“Oh yeah? What’s up?” asked Riki, perturbed. Whenever Lon referred to “big things going down,” it usually meant that Armageddon was about to occur.
“Yeah man, we’ve got a new kid from some obscure village making a lot of noise. He’s picking fights with everyone, saying how he’s so much better and stronger than everyone. Let’s go check him out, huh?”
“Oh man! You know I love messin’ with these arrogant types. Let’s get out of here, yeah?” With that, Riki put his shirt back on and followed Lon towards where the offending kid was supposed to be. It was a short walk to the training grounds, where a huge crowd of Shinobi had gathered to presumably witness this newcomer’s supposed talent.
“My name is Kayin, and I’m going to be the best shinobi of all time.” Wow, that guy is full of himself, thought Riki to himself. Taking a place between two other Genin, Riki examined Kayin with a critical eye. He stood about 5’11”, which was ridiculously tall for what appeared to be a fifteen year old. Furthermore, the kid wore the most garish clothing; what looked to be very expensive pants and a matching shirt were covered with bright colors that clashed before the eyes like towering waves in a tempest. Beyond that, the kid was clearly foreign: his dark skin and gelled hair marked him as someone different, as well as his accented features.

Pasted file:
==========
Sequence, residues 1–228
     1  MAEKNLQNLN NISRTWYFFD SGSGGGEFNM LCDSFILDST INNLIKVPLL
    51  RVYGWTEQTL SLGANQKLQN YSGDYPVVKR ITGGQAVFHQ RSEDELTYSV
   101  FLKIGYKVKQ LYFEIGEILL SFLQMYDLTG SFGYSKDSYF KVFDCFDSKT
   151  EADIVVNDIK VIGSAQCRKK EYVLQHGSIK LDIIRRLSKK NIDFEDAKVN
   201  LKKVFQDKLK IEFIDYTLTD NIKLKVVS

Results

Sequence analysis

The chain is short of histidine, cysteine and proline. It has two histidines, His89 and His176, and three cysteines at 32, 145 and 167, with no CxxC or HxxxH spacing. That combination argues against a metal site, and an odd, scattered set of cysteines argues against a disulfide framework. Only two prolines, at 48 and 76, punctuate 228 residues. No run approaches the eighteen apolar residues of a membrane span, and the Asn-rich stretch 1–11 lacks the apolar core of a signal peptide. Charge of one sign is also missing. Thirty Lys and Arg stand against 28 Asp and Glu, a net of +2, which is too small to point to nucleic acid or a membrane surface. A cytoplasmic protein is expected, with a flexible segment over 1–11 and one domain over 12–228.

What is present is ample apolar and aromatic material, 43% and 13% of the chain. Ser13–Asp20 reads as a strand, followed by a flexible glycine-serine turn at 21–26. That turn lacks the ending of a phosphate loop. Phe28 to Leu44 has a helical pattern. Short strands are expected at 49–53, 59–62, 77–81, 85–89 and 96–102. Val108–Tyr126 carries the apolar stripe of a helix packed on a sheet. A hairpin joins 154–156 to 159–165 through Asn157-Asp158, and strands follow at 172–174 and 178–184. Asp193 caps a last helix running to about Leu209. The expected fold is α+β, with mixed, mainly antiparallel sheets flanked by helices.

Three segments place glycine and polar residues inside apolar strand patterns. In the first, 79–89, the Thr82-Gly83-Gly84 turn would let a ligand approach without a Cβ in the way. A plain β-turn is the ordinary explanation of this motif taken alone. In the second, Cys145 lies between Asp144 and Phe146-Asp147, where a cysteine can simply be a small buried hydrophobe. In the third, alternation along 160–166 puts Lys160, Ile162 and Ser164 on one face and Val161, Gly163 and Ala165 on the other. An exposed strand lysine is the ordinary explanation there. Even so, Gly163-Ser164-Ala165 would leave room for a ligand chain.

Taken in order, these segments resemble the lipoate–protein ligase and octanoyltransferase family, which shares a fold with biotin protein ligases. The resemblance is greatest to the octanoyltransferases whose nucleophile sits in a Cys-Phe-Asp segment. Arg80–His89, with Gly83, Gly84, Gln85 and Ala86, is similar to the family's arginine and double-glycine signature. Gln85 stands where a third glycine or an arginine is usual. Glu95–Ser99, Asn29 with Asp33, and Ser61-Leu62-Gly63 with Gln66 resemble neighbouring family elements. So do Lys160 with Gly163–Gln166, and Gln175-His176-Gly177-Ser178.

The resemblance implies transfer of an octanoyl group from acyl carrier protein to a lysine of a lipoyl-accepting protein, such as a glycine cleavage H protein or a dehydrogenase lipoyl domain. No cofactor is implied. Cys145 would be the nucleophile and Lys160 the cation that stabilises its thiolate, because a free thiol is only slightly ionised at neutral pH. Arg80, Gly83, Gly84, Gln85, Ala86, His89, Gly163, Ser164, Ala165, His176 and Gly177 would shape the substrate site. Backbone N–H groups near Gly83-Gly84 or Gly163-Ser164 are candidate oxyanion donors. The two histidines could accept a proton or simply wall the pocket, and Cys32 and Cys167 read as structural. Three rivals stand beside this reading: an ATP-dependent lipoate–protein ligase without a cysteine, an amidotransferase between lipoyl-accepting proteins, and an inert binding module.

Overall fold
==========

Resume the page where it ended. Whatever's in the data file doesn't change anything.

“I’ll bet he can’t do anything,” muttered a Genin beside him.